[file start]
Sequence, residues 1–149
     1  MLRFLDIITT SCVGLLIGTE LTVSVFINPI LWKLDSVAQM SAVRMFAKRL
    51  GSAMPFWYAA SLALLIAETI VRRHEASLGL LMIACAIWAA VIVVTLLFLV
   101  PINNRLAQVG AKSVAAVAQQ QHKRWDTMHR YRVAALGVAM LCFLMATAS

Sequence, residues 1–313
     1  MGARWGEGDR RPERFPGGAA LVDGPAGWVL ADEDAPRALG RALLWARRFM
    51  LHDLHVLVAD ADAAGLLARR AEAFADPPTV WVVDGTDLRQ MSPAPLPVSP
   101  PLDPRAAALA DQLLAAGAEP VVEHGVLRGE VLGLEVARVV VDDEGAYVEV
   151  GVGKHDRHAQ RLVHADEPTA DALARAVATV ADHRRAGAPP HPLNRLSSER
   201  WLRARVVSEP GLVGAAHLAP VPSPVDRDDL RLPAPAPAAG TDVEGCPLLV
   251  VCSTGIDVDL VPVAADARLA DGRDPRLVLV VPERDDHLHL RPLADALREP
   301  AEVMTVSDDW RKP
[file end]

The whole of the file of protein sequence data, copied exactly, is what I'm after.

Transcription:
Sequence, residues 1–149
     1  MLRFLDIITT SCVGLLIGTE LTVSVFINPI LWKLDSVAQM SAVRMFAKRL
    51  GSAMPFWYAA SLALLIAETI VRRHEASLGL LMIACAIWAA VIVVTLLFLV
   101  PINNRLAQVG AKSVAAVAQQ QHKRWDTMHR YRVAALGVAM LCFLMATAS

Sequence, residues 1–313
     1  MGARWGEGDR RPERFPGGAA LVDGPAGWVL ADEDAPRALG RALLWARRFM
    51  LHDLHVLVAD ADAAGLLARR AEAFADPPTV WVVDGTDLRQ MSPAPLPVSP
   101  PLDPRAAALA DQLLAAGAEP VVEHGVLRGE VLGLEVARVV VDDEGAYVEV
   151  GVGKHDRHAQ RLVHADEPTA DALARAVATV ADHRRAGAPP HPLNRLSSER
   201  WLRARVVSEP GLVGAAHLAP VPSPVDRDDL RLPAPAPAAG TDVEGCPLLV
   251  VCSTGIDVDL VPVAADARLA DGRDPRLVLV VPERDDHLHL RPLADALREP
   301  AEVMTVSDDW RKP